Jewish World Review June 6, 2002 / 25 Sivan, 5762
parents to a tee
http://www.NewsAndOpinion.com | ANNOUNCER: "Good afternoon, baseball fans, and welcome to this evening's game. Tonight the mighty Brewers are hosting the Astros, so everyone sit back and make yourselves at home."
Sit back? In the bleachers, comfort is adjusting the splinters so that they only hit the seams of my pants.
ANNOUNCER: "As the Brewers take to the field - we see that Nos. 12, 3 and 8 are pitching this evening. No. 12 will be the right-side pitcher and No. 8 will take the left side, leaving No. 3 on the mound.
"The Astros first batter is No. 5 and after a few practice swings, he sets himself up next to home plate - and, oh a swing and a miss. All right, he sets himself up again and oh - it's a piece of PVC pipe headed straight for third. But that's OK - the runner takes his base."
Confused? Don't be. In tee ball, if you hit anything in the vicinity of home plate, it's good for a run to first base. That's if you remember to run to first base.
ANNOUNCER: "Our next batter is No. 3. No. 3 is straight out of kindergarten and showed a lot of promise in the preschool Velcro glove league. This is her first at-bat in the big leagues. Beautiful - a hit to the right-side pitcher and she is off - straight to second base! This girl is so good, she didn't even need to run to first base first."
And so it goes. Kids are running to bases that haven't been invented yet, while other children - led by my own fearless 6-year-old, are drawing pictures with their gloves in the dirt. He looks up every now and then to watch a grounder go by or cheer on someone on the other team who hit a home run.
ANNOUNCER: "No. 7 hits it to between the legs of the first baseman; he's safe at first; the first baseman throws it to second - oh, it goes over the second baseman and into center field; the center fielder finds the ball - but what's that? Oh, the center fielder is heading for the Porta-Potty - it's a home run for No. 7!"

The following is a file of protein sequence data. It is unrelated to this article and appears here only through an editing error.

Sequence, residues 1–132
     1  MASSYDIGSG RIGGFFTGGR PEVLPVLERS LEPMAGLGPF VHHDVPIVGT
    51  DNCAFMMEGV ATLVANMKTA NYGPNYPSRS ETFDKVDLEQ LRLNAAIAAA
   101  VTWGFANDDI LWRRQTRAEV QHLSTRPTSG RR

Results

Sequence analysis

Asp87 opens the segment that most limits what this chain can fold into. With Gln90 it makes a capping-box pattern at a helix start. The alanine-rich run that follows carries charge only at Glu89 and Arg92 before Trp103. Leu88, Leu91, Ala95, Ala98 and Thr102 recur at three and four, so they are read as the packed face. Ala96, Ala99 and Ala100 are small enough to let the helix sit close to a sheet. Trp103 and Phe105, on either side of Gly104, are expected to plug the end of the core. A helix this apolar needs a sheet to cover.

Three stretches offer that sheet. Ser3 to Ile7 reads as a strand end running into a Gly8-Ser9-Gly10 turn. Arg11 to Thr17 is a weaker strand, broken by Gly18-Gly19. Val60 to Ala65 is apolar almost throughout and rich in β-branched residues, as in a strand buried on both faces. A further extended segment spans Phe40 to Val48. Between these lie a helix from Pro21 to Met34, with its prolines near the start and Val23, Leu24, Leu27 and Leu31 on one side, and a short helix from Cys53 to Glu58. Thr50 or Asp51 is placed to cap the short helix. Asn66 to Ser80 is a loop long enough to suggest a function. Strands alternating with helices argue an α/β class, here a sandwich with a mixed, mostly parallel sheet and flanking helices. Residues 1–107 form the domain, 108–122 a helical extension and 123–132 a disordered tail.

And the crowd goes wild. What's funnier - at least for the rest of the parents (particularly the parents of the center fielder) - is watching the father of No. 7 brag to everyone how talented he always knew his son was.
By the ninth inning, the score is 653-625.
My oldest son is 10 years old and now plays baseball in a league that keeps score. We all go to the games, and we cheer and when they lose, we feel bad for them. I was, of course, a little dismayed when at the first game the coach told the team that the "name of the game was winning." (I thought it was baseball - but maybe I missed the memo.)
Now, don't get me wrong. I understand the need for competition and the fact that there has to be a winner and a loser and blah, blah, blah. But there is something joyous in the game of tee ball. Everyone wins, everyone gets a cool team T-shirt (and a juice box and a granola bar after the game), and even if you ran to second base first, you still get a chance to hit the next time your turn is up.
And for us parents - particularly the ones who are shuffling multiple children between soccer, dance and baseball games all in the same evening - sitting down to watch a game of tee ball is the most entertainment we get all day.
ANNOUNCER: "It's a grounder to the shortstop. And look the third baseman, left fielder, second baseman, all of the pitchers, and ... is that? Yes, it's the runner from first - have all come to help him out. The second baseman - I think - picks up the ball and throws it to the first base runner and - the batter's out."
Hah! Not so fast. Remember this is tee ball - and if the
runner tagged out still wants to run, well ... let him. In
fact, if he wants to head in for a home run, well, it's tee
ball - and in tee ball, everybody
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